The loyalty of the people of Laguna to the crown was tested during the British invasion (1762-1764) when thousands of Filipinos rallied to its defense. When a detachment of British troops under Captain Thomas Backhouse entered the province in search of the silver cargo of the galleon Filipino, Francisco de San Juan of Pagsanjan led a band of volunteers that fought them in several engagements in and around the town which was then the provincial capital (1688-1858). Captain Backhouse plundered the town and burned its newly reconstructed church but San Juan succeeded in escaping with the precious hoard to Pampanga where the treasure greatly bolstered the defense effort of Simon Anda. For his heroism, San Juan was made a brigade commander and alcalde mayor of Tayabas (now Quezon) province.

If Filipino loyalty gradually degenerated into bitter hostility, it was the fault of the Spaniards themselves, including the clergy. They perpetrated such grave abuses that the resentment of the Filipinos was fanned into a rising flood of nationalism. In 1840 for instance, religious intolerance led the people of Majayjay, Nagcarlan, Bay, and Bian to join the revolt of Hermano Pule (Apolinario de la Cruz) of Lucban, Tayabas.

Laguna was also exposed to the aspirations of its most famous son, Dr. Jose Rizal, who was born in Calamba. The persecution of Dr. Jose Rizal and his parents toward the end of the century further aggravated the situation, so that by 1896, thousands of patriotic inhabitants, especially of Bay, Los Baos, Nagcarlan, Magdalena, Santa Cruz, and Pagsanjan had joined the revolutionary Katipunan.

Laguna was one of the eight provinces to rise in revolt against the Spanish misrule led by Generals Paciano Rizal of Calamba, Severino Taino of Pagsanjan, Agueda Kahabagan (woman general) of Calauan, and Miguel Malvar of Batangas. The ill-equipped Filipino forces fought the well-armed enemy until on August 31, 1898, when the last Spanish garrison surrendered to the victorious patriots in Santa Cruz. The province was cleared of Spaniards.There had been only one respite, the Pact of Biac-na-Bato on December 14 to 15, 1897.

Laguna actively supported the first Philippine Republic proclaimed at Malolos on January 23, 1899. Her two delegates to the Malolos Congress, Don Higino Benitez and Don Graciano Cordero, were natives of Pagsanjan.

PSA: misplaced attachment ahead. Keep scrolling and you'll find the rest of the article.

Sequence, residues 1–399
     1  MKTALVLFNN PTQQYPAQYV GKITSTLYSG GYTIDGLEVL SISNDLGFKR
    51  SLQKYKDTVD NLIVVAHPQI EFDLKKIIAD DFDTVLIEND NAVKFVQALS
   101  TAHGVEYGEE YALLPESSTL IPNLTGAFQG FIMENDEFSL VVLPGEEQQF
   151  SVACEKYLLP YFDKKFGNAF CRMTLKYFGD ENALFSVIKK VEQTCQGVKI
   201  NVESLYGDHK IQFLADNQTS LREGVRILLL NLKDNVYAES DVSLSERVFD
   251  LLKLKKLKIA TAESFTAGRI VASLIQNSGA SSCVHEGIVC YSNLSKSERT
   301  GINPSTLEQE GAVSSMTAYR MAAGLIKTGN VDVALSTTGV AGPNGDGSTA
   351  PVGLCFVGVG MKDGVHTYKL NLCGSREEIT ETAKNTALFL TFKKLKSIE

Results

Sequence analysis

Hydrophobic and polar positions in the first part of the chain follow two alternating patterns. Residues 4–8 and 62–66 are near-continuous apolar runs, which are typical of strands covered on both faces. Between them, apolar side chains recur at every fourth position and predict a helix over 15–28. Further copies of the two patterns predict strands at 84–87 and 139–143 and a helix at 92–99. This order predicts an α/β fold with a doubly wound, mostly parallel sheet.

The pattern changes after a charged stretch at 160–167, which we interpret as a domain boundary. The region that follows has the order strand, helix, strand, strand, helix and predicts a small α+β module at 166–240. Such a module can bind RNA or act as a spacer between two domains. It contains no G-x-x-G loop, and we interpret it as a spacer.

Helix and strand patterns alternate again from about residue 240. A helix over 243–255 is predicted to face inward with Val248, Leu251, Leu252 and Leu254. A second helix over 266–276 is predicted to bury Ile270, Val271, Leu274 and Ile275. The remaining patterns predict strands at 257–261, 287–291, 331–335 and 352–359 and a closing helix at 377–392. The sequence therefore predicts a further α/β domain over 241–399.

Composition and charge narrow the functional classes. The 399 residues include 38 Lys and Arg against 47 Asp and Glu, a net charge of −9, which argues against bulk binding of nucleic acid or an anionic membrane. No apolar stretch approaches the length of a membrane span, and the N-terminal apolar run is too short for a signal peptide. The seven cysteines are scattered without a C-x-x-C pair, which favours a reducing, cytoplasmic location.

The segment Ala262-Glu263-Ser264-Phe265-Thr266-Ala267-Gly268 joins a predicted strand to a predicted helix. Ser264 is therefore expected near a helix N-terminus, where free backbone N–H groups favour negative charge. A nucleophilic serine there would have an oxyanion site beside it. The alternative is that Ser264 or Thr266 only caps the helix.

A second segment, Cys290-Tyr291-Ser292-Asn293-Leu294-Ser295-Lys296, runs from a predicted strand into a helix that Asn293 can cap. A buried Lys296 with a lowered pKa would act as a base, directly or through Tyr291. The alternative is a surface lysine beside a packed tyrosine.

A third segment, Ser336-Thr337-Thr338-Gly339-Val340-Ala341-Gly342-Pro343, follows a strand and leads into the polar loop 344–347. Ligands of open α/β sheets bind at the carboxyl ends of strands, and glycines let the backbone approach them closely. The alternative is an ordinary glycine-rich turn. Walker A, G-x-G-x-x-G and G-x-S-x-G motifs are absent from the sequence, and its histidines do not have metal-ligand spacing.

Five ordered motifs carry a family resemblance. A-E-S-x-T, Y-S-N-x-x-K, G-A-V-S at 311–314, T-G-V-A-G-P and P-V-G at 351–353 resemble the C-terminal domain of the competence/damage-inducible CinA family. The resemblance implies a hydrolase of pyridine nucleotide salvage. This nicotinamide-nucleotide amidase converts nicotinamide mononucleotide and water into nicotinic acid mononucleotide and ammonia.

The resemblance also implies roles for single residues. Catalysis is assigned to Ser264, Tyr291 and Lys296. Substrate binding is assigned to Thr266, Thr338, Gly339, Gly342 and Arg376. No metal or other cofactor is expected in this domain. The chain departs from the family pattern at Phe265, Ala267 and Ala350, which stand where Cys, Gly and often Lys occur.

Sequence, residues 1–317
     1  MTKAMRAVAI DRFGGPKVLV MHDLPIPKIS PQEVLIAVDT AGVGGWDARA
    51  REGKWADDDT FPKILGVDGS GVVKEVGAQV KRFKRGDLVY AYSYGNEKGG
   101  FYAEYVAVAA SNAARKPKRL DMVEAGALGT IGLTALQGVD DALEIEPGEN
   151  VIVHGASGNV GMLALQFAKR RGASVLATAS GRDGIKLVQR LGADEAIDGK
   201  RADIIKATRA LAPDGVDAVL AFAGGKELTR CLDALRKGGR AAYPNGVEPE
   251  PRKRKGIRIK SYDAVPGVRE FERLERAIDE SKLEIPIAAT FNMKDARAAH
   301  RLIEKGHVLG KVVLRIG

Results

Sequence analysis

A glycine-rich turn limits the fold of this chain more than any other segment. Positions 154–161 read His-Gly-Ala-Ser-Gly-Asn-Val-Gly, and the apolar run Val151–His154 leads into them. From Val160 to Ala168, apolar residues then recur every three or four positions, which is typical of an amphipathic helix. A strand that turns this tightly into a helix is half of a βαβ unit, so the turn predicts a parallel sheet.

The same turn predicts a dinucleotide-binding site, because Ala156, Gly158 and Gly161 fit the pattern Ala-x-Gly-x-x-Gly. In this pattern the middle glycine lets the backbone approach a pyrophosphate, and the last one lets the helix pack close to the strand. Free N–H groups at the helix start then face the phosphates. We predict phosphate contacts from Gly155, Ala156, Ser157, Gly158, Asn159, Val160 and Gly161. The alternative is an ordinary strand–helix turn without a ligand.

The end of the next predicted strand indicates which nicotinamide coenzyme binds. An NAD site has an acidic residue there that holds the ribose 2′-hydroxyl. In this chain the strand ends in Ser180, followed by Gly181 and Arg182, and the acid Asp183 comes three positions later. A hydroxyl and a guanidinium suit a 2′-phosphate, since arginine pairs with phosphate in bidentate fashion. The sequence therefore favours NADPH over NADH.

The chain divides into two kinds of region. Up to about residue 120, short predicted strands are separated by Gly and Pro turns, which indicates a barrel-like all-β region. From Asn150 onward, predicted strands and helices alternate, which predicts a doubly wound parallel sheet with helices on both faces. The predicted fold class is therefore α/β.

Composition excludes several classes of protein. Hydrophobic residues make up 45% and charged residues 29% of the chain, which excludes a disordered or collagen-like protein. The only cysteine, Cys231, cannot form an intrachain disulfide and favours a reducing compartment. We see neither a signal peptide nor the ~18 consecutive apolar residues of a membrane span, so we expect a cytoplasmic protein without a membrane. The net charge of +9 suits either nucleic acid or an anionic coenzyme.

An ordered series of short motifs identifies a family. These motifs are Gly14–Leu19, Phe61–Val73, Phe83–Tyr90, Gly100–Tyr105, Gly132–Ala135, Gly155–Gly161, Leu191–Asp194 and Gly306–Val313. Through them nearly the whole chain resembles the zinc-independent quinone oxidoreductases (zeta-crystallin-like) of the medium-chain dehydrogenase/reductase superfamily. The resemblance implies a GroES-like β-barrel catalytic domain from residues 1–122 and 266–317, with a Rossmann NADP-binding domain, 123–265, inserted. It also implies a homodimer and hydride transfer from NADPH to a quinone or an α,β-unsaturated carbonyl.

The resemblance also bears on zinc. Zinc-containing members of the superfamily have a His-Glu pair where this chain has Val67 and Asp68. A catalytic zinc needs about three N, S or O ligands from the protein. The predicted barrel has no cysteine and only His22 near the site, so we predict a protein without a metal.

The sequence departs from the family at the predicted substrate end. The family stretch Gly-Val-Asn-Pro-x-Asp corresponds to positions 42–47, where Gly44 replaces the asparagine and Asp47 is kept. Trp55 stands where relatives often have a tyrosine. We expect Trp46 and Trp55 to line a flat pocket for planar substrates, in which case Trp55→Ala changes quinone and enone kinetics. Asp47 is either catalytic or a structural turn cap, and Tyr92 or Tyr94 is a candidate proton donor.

Upon the outbreak of the Filipino-American War (1899-1901), General Juan Cailles and General Paciano Rizal led the defense of Laguna until June 30, 1901, when surrender became inevitable. Cailles became the first Filipino Governor of Laguna under the American flag.

The Province of Laguna progressed rapidly in peace. Roads were built, schools were established, and in 1917, the Manila Railroad Company extended its line to Laguna as far as Pagsanjan.

During the Japanese occupation (1942-1945), Laguna was a center of resistance despite the presence of Makapili traitors.

Present-day Laguna shows a thriving economy. Peopled by 1,734,618 (1997 estimated population) industrious citizens and possessing a total area of 1760 km² of land, Laguna produces millions of pesos worth of coconuts, rice, sugar, citrus fruits, lanzones and other products. Tourists flock to its beauty spots, especially Pagsanjan Falls, Los Baos Hot Springs, Makiling National Park, Caliraya Lake and many others. Levels of development vary. The towns near Metro Manila have become industrialized whereas the inner towns continue to engage in agricultural production or pursue agri-based industries and cottage and small-scale industries.

Laguna was one of the first sites of the Philippine Revolution. Calamba City is the birthplace of José Rizal, the country's national hero.

External links

Template:Laguna

Regions and Provinces of Luzon
Ilocos Region: Ilocos Norte | Ilocos Sur | La Union | Pangasinan
Cagayan Valley: Batanes | Cagayan | Isabela | Nueva Vizcaya | Quirino
Central Luzon: Aurora | Bataan | Bulacan | Nueva Ecija | Pampanga | Tarlac | Zambales
CALABARZON: Batangas | Cavite | Laguna | Quezon | Rizal
MIMAROPA: Marinduque | Occidental Mindoro | Oriental Mindoro | Palawan | Romblon
Bicol Region: Albay | Camarines Norte | Camarines Sur | Catanduanes | Masbate | Sorsogon
Cordillera Adm. Region: Abra | Apayao | Benguet | Ifugao | Kalinga | Mountain Province
Metro Manila: No provinces
ja:ラグナ州

no:Laguna